Learner use of holistic language units in multimodal, task-based synchronous computer-mediated communication

Karina Collentine

Research output: Contribution to journalArticlepeer-review

37 Scopus citations


Second language acquisition (SLA) researchers strive to understand the language and exchanges that learners generate in synchronous computer-mediated communication (SCMC). Doughty and Long (2003) advocate replacing open-ended SCMC with task-based language teaching (TBLT) design principles. Since most task-based SCMC (TB-SCMC) research addresses an interactionist view (e.g., whether uptake occurs), we know little about holistic language units generated by learners even though research suggests that task demands make TB-SCMC communication notably different from general SCMC communication. This study documents and accounts for discourse-pragmatic and sociocultural behaviors learners exhibit in TB-SCMC. To capture a variety of such behaviors, it documents holistic language units produced by intermediate and advanced learners of Spanish during two multimodal, TB-SCMC activities. The study found that simple assertions were most prevalent (a) with dyads at the lower level of instruction and (b) when dyads had a relatively short amount of time to chat. Additionally, interpersonal, sociocultural behaviors (e.g., joking, off-task discussions) were more likely to occur (a) amongst dyads at the advanced level and (b) when they had relatively more time to chat. Implications explain how tasks might mitigate the potential processing overload that multimodal materials could incur.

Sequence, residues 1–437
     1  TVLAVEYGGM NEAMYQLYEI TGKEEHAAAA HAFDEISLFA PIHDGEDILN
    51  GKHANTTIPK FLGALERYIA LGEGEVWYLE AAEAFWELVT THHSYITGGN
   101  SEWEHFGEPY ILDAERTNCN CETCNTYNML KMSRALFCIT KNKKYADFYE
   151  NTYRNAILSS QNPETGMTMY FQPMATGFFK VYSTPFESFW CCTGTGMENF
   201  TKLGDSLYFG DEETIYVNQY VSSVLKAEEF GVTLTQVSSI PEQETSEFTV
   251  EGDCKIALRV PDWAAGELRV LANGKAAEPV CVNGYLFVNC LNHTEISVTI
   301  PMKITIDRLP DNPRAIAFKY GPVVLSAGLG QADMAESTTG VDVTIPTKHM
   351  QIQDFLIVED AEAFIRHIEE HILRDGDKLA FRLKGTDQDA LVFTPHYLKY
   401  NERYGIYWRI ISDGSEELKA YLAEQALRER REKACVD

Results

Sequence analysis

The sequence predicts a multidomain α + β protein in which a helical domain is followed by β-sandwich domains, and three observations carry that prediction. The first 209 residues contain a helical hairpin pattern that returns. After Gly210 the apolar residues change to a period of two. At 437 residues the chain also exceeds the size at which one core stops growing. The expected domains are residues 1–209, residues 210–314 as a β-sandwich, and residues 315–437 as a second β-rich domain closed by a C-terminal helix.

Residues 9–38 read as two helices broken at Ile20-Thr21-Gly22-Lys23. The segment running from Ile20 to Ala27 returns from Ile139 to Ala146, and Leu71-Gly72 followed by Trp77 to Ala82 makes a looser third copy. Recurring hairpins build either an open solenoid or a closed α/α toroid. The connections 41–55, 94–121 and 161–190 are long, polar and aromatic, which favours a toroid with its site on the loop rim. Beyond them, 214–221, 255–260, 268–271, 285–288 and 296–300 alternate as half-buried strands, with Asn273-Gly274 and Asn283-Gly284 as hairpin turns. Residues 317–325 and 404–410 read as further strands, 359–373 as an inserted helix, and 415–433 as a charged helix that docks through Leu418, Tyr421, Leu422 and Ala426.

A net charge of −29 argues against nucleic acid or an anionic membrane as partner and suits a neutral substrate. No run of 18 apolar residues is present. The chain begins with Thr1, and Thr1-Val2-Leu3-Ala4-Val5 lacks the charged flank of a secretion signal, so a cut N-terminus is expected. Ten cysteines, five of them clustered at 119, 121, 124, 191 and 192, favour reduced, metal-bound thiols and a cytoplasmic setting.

Original languageEnglish (US)
Pages (from-to)68-87
Number of pages20
JournalLanguage Learning and Technology
Issue number2
StatePublished - Jun 2009

ASJC Scopus subject areas

  • Education
  • Language and Linguistics
  • Linguistics and Language
  • Computer Science Applications


Dive into the research topics of 'Learner use of holistic language units in multimodal, task-based synchronous computer-mediated communication'. Together they form a unique fingerprint.

Cite this